With Canada’s premiers poised to meet next week in Quebec City to discuss energy strategy and climate change, forces are girding for battle—with Alberta’s oilsands the figurative no-man’s land that lies between the warring world views.
While peaceful co-existence may be a pipe dream, there are informed voices who say future oilsands production and a robust Canadian carbon-cutting policy can advance together.
There’s “this belief among many, many people that you cannot have a comprehensive carbon pricing policy without shutting down the family business in Alberta,” said Chris Ragan, a McGill University economist and native Albertan who chairs Canada’s Ecofiscal Commission.
“I think that’s wrong.”
Earlier this week, the commission—a blue-chip panel of economists supported by a cross-partisan board of advisers that includes a healthy contingent of Alberta interests—made a compelling case that provincial carbon pricing is the way to end the climate policy gridlock and effectively curb emissions without harming the economy.
However, the debate was soon back on more familiar turf.
Environmental Defence and Greenpeace Canada crunched Environment Canada’s numbers and found that under current federal and provincial policies, Alberta’s emissions alone will by the year 2020 almost equal those of all the other provinces and territories combined.
“Embedding climate change into a Canadian energy strategy means that the primary goal of that strategy must be to transition Canada away from fossil fuel production and use,” said their report.
The study plays to entrenched camps on both sides of the oilsands debate.
It stokes claims that Alberta’s fossil fuel wealth must remain in the ground in order to preserve Canada’s environmental integrity and save the planet. It also fans counter arguments that the real goal of environmentalists and pipeline opponents is to shut down Canada’s oil and gas industry, a debilitating blow to the economy.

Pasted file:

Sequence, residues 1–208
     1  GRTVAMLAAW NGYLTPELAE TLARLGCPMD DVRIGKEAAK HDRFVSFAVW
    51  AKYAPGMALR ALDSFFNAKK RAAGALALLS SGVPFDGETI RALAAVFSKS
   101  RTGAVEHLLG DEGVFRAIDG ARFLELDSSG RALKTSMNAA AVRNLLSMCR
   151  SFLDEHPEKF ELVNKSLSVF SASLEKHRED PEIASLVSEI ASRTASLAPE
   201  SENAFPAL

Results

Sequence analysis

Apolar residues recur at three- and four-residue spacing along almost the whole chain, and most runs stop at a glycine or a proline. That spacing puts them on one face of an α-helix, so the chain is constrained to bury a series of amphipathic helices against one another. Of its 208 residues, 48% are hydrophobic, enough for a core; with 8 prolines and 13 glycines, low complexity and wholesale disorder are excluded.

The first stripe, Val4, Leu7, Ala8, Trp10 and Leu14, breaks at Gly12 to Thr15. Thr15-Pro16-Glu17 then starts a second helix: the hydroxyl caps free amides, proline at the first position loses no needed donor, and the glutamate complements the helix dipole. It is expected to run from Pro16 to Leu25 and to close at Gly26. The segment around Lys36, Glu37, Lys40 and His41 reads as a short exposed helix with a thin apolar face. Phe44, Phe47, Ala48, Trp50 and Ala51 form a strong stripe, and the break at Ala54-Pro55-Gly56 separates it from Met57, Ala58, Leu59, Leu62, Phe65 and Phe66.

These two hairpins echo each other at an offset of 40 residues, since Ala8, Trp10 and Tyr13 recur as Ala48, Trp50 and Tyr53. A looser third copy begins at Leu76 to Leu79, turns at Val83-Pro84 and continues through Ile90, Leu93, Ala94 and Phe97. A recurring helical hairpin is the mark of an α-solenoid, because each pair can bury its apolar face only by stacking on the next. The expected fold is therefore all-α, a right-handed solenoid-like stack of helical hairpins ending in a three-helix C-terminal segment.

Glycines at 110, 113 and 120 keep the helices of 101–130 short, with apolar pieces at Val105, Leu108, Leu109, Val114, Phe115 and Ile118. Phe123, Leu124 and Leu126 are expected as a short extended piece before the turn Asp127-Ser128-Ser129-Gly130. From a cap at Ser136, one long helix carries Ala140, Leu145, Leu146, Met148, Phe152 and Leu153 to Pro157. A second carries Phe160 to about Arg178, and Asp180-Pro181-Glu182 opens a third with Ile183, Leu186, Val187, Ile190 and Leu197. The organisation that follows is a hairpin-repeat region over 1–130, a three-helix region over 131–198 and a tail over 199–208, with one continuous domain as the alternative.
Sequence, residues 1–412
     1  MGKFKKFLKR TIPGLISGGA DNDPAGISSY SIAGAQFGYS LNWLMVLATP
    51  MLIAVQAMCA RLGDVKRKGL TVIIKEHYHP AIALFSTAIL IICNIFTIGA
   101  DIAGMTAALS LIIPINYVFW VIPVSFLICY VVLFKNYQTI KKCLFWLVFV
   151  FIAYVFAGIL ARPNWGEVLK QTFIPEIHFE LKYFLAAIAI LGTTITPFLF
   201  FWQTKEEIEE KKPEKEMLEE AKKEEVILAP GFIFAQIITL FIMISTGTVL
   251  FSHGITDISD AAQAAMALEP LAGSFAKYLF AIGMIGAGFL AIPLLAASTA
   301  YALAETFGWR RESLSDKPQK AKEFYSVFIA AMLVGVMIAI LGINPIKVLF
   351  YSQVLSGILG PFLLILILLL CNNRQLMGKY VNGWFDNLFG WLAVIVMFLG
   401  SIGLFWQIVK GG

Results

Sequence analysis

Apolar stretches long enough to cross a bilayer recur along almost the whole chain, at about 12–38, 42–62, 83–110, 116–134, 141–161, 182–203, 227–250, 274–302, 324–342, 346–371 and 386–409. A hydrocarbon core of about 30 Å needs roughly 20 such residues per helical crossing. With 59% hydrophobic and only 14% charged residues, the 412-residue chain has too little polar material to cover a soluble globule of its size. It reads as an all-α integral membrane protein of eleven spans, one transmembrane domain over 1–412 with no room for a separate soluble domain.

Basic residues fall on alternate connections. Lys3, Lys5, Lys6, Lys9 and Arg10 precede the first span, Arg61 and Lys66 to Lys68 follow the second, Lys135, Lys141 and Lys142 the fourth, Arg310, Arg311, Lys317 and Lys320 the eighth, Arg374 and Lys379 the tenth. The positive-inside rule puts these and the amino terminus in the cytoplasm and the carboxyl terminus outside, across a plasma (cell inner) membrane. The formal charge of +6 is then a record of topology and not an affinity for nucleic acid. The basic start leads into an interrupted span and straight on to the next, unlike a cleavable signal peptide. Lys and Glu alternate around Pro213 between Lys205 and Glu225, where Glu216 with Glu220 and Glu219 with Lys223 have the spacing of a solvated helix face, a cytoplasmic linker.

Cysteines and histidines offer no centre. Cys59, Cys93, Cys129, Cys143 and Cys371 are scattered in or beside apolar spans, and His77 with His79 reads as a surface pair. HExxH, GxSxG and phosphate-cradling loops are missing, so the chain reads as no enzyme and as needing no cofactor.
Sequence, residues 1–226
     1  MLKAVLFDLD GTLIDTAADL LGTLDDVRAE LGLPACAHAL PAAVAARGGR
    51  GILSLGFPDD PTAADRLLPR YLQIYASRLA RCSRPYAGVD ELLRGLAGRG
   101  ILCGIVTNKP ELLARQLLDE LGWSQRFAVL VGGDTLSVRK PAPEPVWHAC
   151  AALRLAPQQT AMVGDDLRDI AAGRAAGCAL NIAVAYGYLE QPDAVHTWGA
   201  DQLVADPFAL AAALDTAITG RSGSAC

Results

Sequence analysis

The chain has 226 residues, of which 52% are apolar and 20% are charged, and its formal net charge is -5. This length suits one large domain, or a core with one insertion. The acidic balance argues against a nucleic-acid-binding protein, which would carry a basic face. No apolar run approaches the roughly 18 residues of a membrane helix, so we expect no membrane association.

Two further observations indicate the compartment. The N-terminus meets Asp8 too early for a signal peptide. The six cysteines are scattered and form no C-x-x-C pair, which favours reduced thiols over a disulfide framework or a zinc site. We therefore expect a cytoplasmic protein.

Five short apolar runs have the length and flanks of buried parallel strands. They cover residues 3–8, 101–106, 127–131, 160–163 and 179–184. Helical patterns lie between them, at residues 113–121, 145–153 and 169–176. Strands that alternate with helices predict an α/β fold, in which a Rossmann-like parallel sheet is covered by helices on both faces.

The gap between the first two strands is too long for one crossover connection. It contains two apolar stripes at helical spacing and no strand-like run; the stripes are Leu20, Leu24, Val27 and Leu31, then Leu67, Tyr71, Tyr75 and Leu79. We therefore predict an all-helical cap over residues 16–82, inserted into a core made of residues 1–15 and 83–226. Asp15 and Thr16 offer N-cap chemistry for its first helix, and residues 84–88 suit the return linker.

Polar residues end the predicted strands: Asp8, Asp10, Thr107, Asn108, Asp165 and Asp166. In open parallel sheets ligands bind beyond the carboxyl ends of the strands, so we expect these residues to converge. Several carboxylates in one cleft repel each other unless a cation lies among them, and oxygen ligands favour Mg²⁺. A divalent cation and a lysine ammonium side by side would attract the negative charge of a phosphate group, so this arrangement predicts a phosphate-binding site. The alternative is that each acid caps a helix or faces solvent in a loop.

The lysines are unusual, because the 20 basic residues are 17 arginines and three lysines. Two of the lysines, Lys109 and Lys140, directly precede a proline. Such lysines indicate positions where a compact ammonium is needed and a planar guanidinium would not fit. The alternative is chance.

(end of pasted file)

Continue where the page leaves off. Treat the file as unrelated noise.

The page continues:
Brian Porter, the chief executive of Scotiabank, warned an annual shareholder’s meeting that access to global energy markets must be a national priority.
“It is clear our inability to deliver energy to the world is detrimental to Canada’s economy,” said Porter.
“It’s also detrimental to our country’s brand and future economic prospects for all Canadians.”
Others have argued Canada’s lax policies toward mitigating global warming are also a stain on the national brand.
Ragan and others on the Ecofiscal Commission are trying to square the circle.
In a recent interview, Ragan said a plausible argument can be made that more aggressive provincial or federal action on reducing emissions would have smoothed the way for new pipeline construction.
But the real argument for building new pipelines, said Ragan, is that regardless of climate policy the world is going to continue using oil for a long time.
A world that’s no longer burning oil by the year 2100 is completely consistent with a world in which two thirds of known reserves remain in the ground, he said.
“So who is going to supply that one third?”
The world currently consumes 93 million barrels a day of oil, a rate that is projected to rise before it begins to fall.
Alberta would like to continue supplying a small part of that global demand, but won’t be able to if its production costs remain high compared to other suppliers, Ragan argued. Alberta oil will also be less in demand if it remains a high-carbon source.
A carbon price could drive innovation in the oilsands—including by recycling the revenues from the carbon fee into further technological innovation—that will reduce costs along with the carbon footprint.
“Then Alberta at least stands a fighting chance of not being the high-cost producer on that global cost curve,” said the economist, a former adviser to the Bank of Canada and Finance Canada official.
“I think there’s a strong case to be made that a comprehensive carbon price in Alberta is absolutely consistent with a thriving oilpatch,” said Ragan.
“I think you can make exactly the same argument in Saskatchewan and Newfoundland.”